Pollinators: Bees and Butterflies: The vibrant blue flowers of pentaglotis are attractive to pollinators, particularly bees and butterflies. These insects visit the flowers to collect nectar and, in the process, facilitate pollination by transferring pollen between flowers. This reproductive interaction is vital for the plant's ability to produce seeds and ensure its continued existence.
Insect Diversity: Hoverflies and Beetles: Pentaglotis contributes to the overall biodiversity by providing habitat and food sources for insects such as hoverflies and beetles. These insects may find shelter, lay eggs, or forage for food on or around the plant. This creates a microecosystem within the pentaglotis habitat, supporting a variety of insect life.
Food Source: Caterpillars: Some butterfly species, like the Comma butterfly (Polygonia c-album), use pentaglotis as a host plant for their caterpillars. The caterpillars feed on the leaves, utilizing the plant as a food source during their developmental stages. This mutualistic relationship is crucial for both the butterfly and the plant.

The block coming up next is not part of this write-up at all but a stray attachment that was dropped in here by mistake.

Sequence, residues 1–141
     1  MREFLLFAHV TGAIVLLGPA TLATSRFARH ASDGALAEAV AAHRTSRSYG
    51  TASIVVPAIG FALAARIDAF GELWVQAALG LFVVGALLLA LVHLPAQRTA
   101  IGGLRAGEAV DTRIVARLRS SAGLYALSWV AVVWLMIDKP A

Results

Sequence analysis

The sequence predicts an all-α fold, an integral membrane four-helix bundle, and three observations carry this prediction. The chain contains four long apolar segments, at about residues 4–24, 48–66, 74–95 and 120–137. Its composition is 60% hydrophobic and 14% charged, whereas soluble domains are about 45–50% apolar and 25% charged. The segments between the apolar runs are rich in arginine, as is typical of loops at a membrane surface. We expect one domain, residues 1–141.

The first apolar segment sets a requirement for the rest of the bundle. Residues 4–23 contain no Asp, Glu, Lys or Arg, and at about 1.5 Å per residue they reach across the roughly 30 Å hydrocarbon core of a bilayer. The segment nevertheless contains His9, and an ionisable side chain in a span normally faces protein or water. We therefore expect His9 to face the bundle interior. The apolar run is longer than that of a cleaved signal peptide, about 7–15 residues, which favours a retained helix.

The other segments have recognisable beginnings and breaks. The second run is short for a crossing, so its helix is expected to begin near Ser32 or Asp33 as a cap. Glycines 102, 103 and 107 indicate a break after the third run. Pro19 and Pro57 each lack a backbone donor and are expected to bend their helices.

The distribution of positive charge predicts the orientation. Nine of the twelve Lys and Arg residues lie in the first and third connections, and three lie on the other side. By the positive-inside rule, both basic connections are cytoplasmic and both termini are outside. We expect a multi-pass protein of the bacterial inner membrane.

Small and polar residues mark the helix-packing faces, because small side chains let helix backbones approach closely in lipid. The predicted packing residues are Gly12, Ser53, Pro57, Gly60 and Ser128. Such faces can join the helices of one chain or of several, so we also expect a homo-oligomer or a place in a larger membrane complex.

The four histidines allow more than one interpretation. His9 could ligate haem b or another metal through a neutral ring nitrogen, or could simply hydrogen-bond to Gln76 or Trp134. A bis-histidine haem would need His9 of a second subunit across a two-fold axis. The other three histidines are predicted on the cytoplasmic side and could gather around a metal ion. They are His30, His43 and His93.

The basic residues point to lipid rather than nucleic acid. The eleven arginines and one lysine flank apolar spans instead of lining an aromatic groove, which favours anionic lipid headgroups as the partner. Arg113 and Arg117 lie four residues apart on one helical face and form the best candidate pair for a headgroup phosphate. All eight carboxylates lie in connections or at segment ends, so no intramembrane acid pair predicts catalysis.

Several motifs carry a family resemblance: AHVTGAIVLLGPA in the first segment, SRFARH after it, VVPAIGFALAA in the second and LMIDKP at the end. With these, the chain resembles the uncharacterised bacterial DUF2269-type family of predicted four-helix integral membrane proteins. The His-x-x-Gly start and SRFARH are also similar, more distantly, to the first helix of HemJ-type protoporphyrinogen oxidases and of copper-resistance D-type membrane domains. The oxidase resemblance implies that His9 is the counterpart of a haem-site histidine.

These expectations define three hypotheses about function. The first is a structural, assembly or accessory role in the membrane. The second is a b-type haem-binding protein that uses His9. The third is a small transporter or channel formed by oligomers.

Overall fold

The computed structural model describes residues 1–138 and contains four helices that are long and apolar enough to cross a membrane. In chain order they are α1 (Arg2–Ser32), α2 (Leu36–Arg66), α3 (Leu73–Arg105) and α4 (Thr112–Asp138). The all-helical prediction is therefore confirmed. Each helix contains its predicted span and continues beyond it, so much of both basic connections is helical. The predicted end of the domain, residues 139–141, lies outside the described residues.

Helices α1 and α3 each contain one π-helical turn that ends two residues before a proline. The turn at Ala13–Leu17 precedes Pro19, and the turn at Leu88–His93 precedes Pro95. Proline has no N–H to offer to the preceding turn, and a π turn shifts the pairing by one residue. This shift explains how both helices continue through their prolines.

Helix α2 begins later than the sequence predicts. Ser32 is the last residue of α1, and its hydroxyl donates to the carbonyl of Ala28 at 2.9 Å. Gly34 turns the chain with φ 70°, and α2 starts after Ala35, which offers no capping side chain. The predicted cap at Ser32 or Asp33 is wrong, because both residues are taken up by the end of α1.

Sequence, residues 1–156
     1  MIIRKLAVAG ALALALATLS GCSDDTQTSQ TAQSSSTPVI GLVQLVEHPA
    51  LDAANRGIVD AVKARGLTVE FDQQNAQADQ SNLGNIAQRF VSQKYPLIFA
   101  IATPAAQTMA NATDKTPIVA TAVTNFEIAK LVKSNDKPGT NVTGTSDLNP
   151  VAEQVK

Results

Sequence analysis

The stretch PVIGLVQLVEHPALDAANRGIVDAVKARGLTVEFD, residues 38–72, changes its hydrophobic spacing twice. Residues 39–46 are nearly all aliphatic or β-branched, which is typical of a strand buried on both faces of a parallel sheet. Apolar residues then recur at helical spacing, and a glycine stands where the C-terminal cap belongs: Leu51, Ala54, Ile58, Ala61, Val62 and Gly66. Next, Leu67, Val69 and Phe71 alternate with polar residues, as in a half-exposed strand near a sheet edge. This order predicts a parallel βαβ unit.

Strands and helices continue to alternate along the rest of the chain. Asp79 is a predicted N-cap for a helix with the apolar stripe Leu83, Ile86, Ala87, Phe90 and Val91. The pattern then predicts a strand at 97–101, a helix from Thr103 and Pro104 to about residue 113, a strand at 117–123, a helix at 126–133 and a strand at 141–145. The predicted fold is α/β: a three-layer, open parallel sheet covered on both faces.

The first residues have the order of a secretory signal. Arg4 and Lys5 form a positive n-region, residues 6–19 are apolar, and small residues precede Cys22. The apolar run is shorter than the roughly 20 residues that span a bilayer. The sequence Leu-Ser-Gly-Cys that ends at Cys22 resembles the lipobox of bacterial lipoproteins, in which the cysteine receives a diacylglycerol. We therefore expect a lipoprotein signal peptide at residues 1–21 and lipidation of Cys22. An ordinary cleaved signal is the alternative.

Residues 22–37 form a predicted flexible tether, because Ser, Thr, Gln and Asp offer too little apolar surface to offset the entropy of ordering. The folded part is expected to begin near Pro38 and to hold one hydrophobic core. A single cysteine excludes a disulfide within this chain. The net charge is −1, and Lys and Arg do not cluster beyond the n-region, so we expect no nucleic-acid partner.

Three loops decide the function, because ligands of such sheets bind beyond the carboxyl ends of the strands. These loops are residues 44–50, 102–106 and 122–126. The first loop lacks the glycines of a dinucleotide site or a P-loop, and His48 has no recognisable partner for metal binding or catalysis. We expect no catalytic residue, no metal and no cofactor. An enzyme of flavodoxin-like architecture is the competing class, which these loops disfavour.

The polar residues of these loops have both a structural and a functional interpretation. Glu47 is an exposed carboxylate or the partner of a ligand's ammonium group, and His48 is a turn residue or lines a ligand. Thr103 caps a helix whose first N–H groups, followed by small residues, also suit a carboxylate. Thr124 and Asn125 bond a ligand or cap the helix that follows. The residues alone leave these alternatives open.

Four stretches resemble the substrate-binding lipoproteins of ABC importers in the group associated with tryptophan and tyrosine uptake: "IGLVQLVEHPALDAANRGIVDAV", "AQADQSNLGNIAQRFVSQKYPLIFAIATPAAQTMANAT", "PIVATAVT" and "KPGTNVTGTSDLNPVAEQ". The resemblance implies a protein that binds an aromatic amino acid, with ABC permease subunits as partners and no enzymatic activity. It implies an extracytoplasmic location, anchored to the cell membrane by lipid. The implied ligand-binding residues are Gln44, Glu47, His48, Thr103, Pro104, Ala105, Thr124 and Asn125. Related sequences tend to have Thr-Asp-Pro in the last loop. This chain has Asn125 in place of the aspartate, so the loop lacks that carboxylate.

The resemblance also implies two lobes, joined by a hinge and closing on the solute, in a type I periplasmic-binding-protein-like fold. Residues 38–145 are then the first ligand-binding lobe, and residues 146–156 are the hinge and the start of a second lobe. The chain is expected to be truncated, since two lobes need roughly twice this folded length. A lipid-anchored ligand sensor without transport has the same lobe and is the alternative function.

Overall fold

Seed Dispersal: Birds and Small Mammals: Once pentaglotis produces seeds, it contributes to the diet of birds and small mammals that feed on them. These animals play a role in seed dispersal, helping the plant colonize new areas and contributing to its overall distribution.
In our urban gardens Pentaglotis do behave a bit badly and are the thugs of the weed world, so do be mindful of them invading your beds - As valuable as they are for the garden, they are best left to areas of the garden that are hidden, Behind the shed or even a group of them around the base of a shady tree where nothing else is trying to grow. Always take them out of borders or soon there will be nothing else and that is not good for biodiversity either!
NB - it is quite easy to mistake foxgloves for Penteglotis, particularly when they are young. One good way to tell the difference, is that foxgloves have smooth velvety leaves and Pentaglotis as hairy and not that pleasant to touch!